What frenzy makes of rev’rend grandsires Ecclesiastical drawcansirs !

Discretion 's to Polemic Courage The same as pepper to pease porridge ; * Which, when 'tis eat unpepper’d, gripes With flatulency mortal tripes ; And sets the chitterlingian clan + At variance in our inward man; Where, as our tubes intestine soak, Porridge excites pneumatic croak, Tuning to base or treble key 'em ; And discord fills peritonéum : Thus Zeal, not pepper'd with discretion, I To the evangelical profession Noxious alike, has often rent The bowels of th' Establishment:

* The better part of valour is discretion.

Shakspeare. Hen. IV. Part í. + A most irritable and contentious clan. See the relation of its fierce and tragical rencounter with Colonels Mawl-chitterling, and Cut-pudding, the younger; as given by Master Francis Rabelais, Book IV. c. xli. Vis consilî expers.

Hor. Od. Lib. III. Od. iv.

Each varying blast of doctrine vain
Inflames her disputatious train ;
Oft vex her frame intestine drubs,
And military mulligrubs;
And controversial cholic wrings
Our Mother Church's chitterlings.-
What 's worse—this pestilent explosion
Of controversy puts in motion
The spawn of Godwin and Tom Paine ;
Who tell their dupes that worldly gain
Is the true cause which sets by th’ears
Her venerable cavaliers.
That, while they Orthodoxybawl,
They're squinting at Prebendal Stall;
While they protest " our Faith 's in danger,
Pant for preferment's rack and manger.-
This too Dissenters sets agog,
Who, hank’ring for the Church's prog,
And, sour'd with spleen, are ever ready
To scandalize the good Old Lady:
These fain would jealousies create
Betwixt her and her spouse, the state:
“ Who's bound in duty to discard her
“ Because she excludes them from her larder,

And keeps for her own pamper'd chits
“ Her dainty morsels and tid-bits.”-
This is th’offence and stone of stumbling
That sets their godly gizzards grumbling :
Hence, mad with spleen, Sectarian Shrews
Lay halters in her desks and pews ; *
O’erleap her pale, her pastures forage,
And ratsbane strew beside her porridge ;
With lunatic bans stun and fright her,
Threat'ning with Unitarian nitre
T' involve, in sudden conflagration,
Her ancient orthodox foundation. +
Hence, as his pockets empty grow,
Sectary, by inverse ratio,
Presuming his idea-case
Is full of inward light and grace,

* Who gives any thing to poor Tom? whom the foul fiend hath led through fire and through flame, hath laid knives under his pillow, and halters in his pew; set ratsbane by his porridge, &c.

Lear, Act III. Scene iv. + See Dr. Priestley's exultation while he is anticipating the overthrow of the Hierarchy, and the grand explosion of our Church Establishment by those trains of gunpowder which he has been properly disposing in order to blow up its old Building of Error and Superstition.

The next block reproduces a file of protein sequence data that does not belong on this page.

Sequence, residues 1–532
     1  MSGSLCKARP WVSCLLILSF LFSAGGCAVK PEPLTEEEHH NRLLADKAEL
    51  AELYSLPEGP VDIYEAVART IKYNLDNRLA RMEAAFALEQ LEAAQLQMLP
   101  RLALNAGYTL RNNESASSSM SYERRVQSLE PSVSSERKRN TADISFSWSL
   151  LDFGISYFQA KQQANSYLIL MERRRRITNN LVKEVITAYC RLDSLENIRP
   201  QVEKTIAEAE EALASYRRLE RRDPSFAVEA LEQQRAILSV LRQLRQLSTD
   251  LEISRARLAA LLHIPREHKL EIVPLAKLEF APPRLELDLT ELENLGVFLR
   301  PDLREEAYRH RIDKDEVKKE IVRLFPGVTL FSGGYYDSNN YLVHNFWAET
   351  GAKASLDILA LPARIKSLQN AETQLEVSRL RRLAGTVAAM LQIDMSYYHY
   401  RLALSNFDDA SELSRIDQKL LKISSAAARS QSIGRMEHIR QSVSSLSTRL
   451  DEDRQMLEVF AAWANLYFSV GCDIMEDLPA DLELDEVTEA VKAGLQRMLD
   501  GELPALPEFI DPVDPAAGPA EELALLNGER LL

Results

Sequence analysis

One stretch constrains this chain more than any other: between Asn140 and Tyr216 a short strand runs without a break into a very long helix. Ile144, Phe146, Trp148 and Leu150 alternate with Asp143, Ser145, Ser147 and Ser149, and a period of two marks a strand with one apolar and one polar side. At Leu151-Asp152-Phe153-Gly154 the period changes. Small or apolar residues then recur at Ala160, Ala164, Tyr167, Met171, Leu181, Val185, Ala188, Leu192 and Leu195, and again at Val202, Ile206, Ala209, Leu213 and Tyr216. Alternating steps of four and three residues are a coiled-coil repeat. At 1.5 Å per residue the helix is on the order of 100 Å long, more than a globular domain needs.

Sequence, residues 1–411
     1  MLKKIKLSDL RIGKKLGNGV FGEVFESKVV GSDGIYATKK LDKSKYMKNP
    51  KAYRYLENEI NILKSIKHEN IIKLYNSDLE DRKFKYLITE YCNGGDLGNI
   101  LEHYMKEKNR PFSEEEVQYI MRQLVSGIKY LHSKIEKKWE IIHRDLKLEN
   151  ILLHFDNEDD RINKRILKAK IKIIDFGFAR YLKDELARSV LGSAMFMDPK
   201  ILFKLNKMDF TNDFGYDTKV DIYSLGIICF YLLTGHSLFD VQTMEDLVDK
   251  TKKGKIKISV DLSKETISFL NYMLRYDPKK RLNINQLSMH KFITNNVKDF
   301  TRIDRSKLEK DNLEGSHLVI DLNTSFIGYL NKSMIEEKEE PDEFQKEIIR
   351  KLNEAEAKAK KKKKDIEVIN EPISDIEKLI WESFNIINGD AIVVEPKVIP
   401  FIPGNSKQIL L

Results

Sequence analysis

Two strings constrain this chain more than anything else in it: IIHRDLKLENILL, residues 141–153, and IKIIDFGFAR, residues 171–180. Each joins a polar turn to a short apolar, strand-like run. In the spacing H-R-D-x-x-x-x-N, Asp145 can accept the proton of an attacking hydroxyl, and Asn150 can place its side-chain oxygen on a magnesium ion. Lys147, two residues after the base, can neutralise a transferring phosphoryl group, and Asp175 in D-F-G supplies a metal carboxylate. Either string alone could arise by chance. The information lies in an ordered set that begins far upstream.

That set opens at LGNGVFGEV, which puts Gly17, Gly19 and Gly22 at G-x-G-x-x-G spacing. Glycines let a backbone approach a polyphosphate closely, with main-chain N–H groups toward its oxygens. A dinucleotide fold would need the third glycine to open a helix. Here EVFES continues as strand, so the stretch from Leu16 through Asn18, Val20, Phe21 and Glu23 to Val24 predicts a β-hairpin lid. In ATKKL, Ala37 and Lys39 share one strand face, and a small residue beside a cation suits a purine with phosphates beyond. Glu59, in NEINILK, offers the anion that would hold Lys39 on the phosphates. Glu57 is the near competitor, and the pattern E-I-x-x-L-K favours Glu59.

Priestley's Importance of Free Enquiry, &c. p. 40. &c.

Concludes to hide would be a scandal
The flame of Reformation-candle
Beneath a bushel or a bed ; *
So from brass candlestic, his head,
Makes hypocritical pretence
Illumination to dispense,
And light us to discern each rent
And wrinkle of th’establishment.
Pious munificence arraigns,
Vows betwixt benefice and brains
He cannot find the least conjunction,
But (so debas’d each sacred function!)
That cauliflower wig the wearer
Serves for a cloud t'envelop error;
Short cassoc's figleaf to defect
And nakedness of intellect;
And blocks from timber-yards and quarries
Are symbols of church dignitaries.

Sectarians thus the church assail, (Losers are privileg’d to rail)

* Is a candle brought to be put under a bushel, or under a bed, and not to be set on a candlestic?

Luke iv, 22,

And sacrilegiously make sport
Of Grizzle-wig and Cassoc short;
While churchmen the false charge repel,
And could, if it were true, as well :
For if tall greyhounds useless grown
May into terriers be cut down ;*
If beards of kings make jerkins' trimming, t
And superannate wits old women; †
If wig that grac'd a judge's nob
Moult to an under-sheriff's bob;
And if, oblivious of its buckle,
That bob to serve a shoe-black truckle ; $

* See Baron Monchaussen's Travels.

t See the barbarous requisition which Ryance made to King Arthur, for his beard to serve (together with the beards of eleven vanquished princes) for fringe to his mantle.-Old Ballad. “When Arthur at Camelford kept his court royal.”—Percy.

I“ I fear,” said the late Lord Chesterfield, complaining of ill health and incapacity to Mrs. Ann Pitt—" I fear, Madam, that I am growing an old woman.”—“ I am glad of it, my Lord, I was afraid you were growing an old man, which, your Lordship knows to be a much worse thing.”

§ Of the evanescent nature of sublunary grandeur we have a melancholy exemplification in the fate of a Judge's cast-off Perriwig, whose decline and fall may be easily traced from the bench to the council-table, and from thence to the living blocks of under-sheriff, clerk of the court, and javelin-man, till it is at

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